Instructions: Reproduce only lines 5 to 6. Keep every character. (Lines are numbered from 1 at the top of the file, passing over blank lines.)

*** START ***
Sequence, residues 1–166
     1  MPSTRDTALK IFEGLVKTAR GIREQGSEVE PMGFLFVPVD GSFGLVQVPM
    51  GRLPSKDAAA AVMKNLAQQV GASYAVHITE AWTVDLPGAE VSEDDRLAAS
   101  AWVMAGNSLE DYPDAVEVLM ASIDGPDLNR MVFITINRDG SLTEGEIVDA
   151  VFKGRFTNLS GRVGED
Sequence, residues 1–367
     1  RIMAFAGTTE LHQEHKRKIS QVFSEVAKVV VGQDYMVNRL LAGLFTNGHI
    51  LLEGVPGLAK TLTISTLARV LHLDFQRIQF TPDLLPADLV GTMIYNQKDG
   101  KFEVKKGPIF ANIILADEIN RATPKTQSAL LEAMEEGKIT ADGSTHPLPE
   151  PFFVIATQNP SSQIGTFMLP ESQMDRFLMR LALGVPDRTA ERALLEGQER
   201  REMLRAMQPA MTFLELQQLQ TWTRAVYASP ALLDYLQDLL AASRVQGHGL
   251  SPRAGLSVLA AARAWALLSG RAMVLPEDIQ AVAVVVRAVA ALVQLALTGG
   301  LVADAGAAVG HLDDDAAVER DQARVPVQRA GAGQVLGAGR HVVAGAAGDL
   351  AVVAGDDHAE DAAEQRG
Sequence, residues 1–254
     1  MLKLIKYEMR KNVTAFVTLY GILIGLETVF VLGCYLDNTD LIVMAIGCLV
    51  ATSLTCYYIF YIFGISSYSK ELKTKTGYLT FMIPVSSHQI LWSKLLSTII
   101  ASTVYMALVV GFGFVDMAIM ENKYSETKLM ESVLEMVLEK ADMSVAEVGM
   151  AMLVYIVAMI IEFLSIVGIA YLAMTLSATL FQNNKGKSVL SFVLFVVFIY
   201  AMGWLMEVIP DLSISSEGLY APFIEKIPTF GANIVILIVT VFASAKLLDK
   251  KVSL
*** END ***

   151  VFKGRFTNLS GRVGED
Sequence, residues 1–367